• The GMs can make or break the programme.
  • Programmes tend to need a ‘sell’, NOT a ‘tell’ approach.
  • End Market team engagement are always critical.
  • The initial message from HQ will be very important in establishing realistic expectations.

 Process Design:

  • Keep it simple at ‘Cluster’ level – e.g. process outline, roles definitions and key dates.
  • Standardisation – key is the establishment of regional (e.g. European) key ‘process parameters’ with local End Market interpretation and ‘reasonable’ boundaries.  Keep the rules robust and to a minimum.
  • Procedural level – use development of these at End Market level as an opportunity to develop local ownership with local teams


Enchane S&OP posts

More on S&OP? Check out the below posts!

Tags: S&OP, Forecasting & Demand Planning

A letter to the FMCG Drinks Distribution Agony Aunt

Posted by Dave Jordan on Fri, Jul 09, 2010

Dear Agony Aunt,

I have reached the end of my patience. I’m drinking too much coffee, I smoke like a chimney, I’m not eating properly and I just cannot sleep. I did not see any of the World Cup nor Wimbledon and now even my kids call me Uncle Dad as I spend hour after hour at work. At times, a short step off a tall bridge does not seem such a bad idea. These Distributors are killing me!

DrinkThe world’s greatest drinks salesman is glowing bright yellow in the sky. Consumers are literally gasping for drinks yet we cannot get our products onto shelves and into coolers. We have given the Distributors some very focused incentives and we are spending thousands on quirky TV ads with that irritating Pop Idol geek with the funny hair. There is no doubt our brand awareness is right up at the top level yet we just don’t sell as much as we should!

When the weather is this hot consumers want a drink when they are thirsty and not when Joe Egg the Distributor can be bothered to turn up in his smoke belching van to replenish stocks. If our product is not sitting invitingly in a cooler the thirsty masses simply take an alternative product. Consumption is immediate, I have lost a sale and this drives me mad.

Please, please help me. Tell me what I should do before I lose even more of my hair.


Frustrated of FMCG


CTA Distribution resized 600

Tags: Brewing & Beverages, Route to Market, Dave Jordan, Traditional Trade, Distribution, Inventory Management & Stock Control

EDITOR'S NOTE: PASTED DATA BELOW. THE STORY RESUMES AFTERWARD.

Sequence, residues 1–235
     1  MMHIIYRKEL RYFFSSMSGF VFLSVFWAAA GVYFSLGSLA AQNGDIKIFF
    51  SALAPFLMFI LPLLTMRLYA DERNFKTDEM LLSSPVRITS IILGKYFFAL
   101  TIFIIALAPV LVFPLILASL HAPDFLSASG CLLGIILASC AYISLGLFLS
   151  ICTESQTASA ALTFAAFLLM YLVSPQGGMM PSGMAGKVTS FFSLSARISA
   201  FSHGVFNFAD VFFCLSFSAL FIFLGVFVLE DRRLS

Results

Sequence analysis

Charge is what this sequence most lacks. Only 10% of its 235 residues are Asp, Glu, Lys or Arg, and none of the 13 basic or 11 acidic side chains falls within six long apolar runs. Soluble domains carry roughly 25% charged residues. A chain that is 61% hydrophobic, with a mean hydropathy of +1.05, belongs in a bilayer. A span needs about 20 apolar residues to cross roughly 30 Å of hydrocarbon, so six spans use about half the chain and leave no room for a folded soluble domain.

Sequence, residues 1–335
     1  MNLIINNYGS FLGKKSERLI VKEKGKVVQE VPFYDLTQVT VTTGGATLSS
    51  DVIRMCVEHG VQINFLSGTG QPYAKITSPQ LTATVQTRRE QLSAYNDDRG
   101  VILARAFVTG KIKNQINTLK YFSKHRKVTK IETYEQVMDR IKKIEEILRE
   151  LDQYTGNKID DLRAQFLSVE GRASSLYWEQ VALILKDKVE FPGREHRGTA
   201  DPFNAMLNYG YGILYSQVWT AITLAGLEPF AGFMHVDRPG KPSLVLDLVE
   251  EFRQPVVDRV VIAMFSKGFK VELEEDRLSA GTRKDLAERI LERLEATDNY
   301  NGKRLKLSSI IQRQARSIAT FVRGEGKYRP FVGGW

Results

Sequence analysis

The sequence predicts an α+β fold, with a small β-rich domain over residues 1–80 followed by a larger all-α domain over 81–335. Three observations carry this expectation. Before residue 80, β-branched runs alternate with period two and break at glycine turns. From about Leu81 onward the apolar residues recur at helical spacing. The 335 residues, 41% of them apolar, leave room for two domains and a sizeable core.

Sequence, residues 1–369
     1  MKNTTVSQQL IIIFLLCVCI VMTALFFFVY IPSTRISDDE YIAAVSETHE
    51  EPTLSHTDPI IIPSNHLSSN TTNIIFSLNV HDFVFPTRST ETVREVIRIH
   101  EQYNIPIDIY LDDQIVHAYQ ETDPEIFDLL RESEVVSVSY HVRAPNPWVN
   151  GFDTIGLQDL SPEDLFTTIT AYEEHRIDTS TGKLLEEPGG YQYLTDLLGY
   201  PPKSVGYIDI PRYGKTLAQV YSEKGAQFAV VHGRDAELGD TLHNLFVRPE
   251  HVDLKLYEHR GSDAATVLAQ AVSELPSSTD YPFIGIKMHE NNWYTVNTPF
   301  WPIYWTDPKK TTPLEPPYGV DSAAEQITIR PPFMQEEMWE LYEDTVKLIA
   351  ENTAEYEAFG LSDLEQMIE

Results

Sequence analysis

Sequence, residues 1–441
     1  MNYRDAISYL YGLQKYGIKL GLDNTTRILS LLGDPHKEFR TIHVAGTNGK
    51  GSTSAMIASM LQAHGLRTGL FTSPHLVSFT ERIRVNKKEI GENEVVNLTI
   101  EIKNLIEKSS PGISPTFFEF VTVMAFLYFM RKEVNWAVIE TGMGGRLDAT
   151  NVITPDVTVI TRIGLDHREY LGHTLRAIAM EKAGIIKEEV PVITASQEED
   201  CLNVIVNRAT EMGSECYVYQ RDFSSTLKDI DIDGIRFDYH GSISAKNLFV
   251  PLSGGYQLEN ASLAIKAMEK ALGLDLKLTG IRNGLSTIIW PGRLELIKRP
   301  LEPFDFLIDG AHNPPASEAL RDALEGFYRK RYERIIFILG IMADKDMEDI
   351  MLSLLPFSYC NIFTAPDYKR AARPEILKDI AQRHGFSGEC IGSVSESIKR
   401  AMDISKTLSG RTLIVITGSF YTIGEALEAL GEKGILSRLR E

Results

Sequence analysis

Oh Ghana: Supply Chain Progress denied by the hand of Suarez

Posted by Michael Thompson on Tue, Jul 06, 2010

Oh Ghana, Ghana! wherefore art thou Ghana?

Deny thy goal by penalty in the last minute of extra time and refuse thy destiny;

Or, if thou wilt not, be but sworn to do better in the shoot out,

And we’ll no longer be denied an African team in the semi-finals.

.... and so a continent mourned in noble defeat.

.... And to address my own earlier question (not answer it, please note):

“What has the World Cup done for them?”

It has given a continent hope, albeit briefly & albeit on a football field in Johannesburg.

It may not be Romeo & Juliet, but there was something of a Shakespearean tragedy about this football match.

Ghana World cup and Shakespeare

Learn what the P.R.I.C.E. of doing business in Africa is!  " target="_blank">Download the free whitepaper here! 

Tags: Humour, Michael Thompson, Doing Business in Africa

The players in a high performing Supply Chain

Posted by Dave Jordan on Mon, Jul 05, 2010

There are no individuals in this team. This is a team where the whole is far greater than the sum of the parts. The Supply Chain operates quietly and often in the background but is an essential team for any business.

Team Sheet

Goal Keeper 

S&OP – reliable and a safe pair of hands. Nothing gets past; no slip ups!

Left Back 

Demand Planning – always one step ahead, likes to get forward.

Lentre Half

ERP – robust yet flexible, covers the entire pitch.

Centre Half

Procurement – buys time for his colleagues; a valuable team player.

Right Back

Supply Planning – a constant supply to midfield and attack

Left Midfield

Manufacturing – a play-maker; a reliable supplier of the goods

Right Midfield

Warehousing – physically big and strong; contributes loads.

Holding Midfield 

Transport – swift; seamlessly links defence with attack.

Central Midfield

Customer Service – attentive and vocal; keeps an eye on delivery. 


Route To Market IKA – fast, direct; on time and in full.


RTM Traditional Trade - well built and knows where the target is.

Supply Chain TeamSubstitutes

SKU Complexity Reduction – useful towards the end of the game to simplify and refocus the team.

Green - Sustainability – an upcoming youngster who is set to play a major role in the future.


KPI’s – keeps a close track on the team and individual performance. Knows where the weaknesses are.

Perhaps you would like to suggest an alternative line-up?  Who do you think should be in the Supply Chain starting eleven?

Tags: SKU, FMCG, Route to Market, Dave Jordan, KPI, S&OP